Agriculture and Environment: Commodities

Overview: Shrimp (Penaeus monodon and P.vannamei)

Aquaculture is the fastest-growing form of food production in the world. Carp and molluscs, produced mostly in China and to a lesser extent in India, dominate aquaculture production by volume and area of land used. But shrimp dominate aquaculture production by value. Consequently, shrimp aquaculture is one of the fastest growing forms of aquaculture.
Demand & Supply - Running neck & neck
From 1982 to 1992 shrimp production increased ninefold (FAO 2002). In spite of dramatic increases in production, the price of shrimp did not decline over the same period. Demand has more than kept pace with increased supply.

In fact, one of the major factors contributing to unsustainable production practices, at least until recently, is that farmers have simply made too much money doing shrimp aquaculture the wrong way for anyone to be able to convince them to change. There is evidence, however, that this situation is changing.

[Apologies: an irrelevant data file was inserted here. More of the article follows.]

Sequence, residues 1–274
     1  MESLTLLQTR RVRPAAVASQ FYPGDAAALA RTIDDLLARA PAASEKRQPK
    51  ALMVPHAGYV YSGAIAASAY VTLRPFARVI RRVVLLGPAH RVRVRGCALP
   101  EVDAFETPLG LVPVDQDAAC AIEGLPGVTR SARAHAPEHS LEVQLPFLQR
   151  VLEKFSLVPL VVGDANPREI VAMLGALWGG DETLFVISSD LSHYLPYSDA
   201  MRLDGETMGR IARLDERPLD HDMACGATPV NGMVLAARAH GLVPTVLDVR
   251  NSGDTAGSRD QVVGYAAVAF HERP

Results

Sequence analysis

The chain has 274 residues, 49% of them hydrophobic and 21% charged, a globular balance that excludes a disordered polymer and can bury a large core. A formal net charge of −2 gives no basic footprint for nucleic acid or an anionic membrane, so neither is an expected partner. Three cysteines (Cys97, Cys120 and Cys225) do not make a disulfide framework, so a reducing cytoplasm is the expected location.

Damaging important coastal wetlands
The shrimp aquaculture industry can cause considerable damage to fragile coastal wetlands. The types of habitat that have been affected include mangroves, salt flats, mudflats, estuaries, tidal basins, and coastal marshes.

While few of these areas appear to be hot spots of biodiversity, they are nonetheless essential hunting, nesting, breeding and migratory homes to many fish, invertebrates, migratory birds, and other species. Furthermore, these coastal areas are extremely important for regulating the ecological interactions between land and water.

They buffer the impact of storms and high tides on land, and they trap sediments and other organic matter on land, preventing them from choking aquatic life near the shore or deeper in the oceans. Shrimp aquaculture has often changed fundamentally the hydrology that is the basis of these ecosystem functions.

Credits

Extracts from "World Agriculture & Environment" by Jason Clay - buy the book online from Island Press

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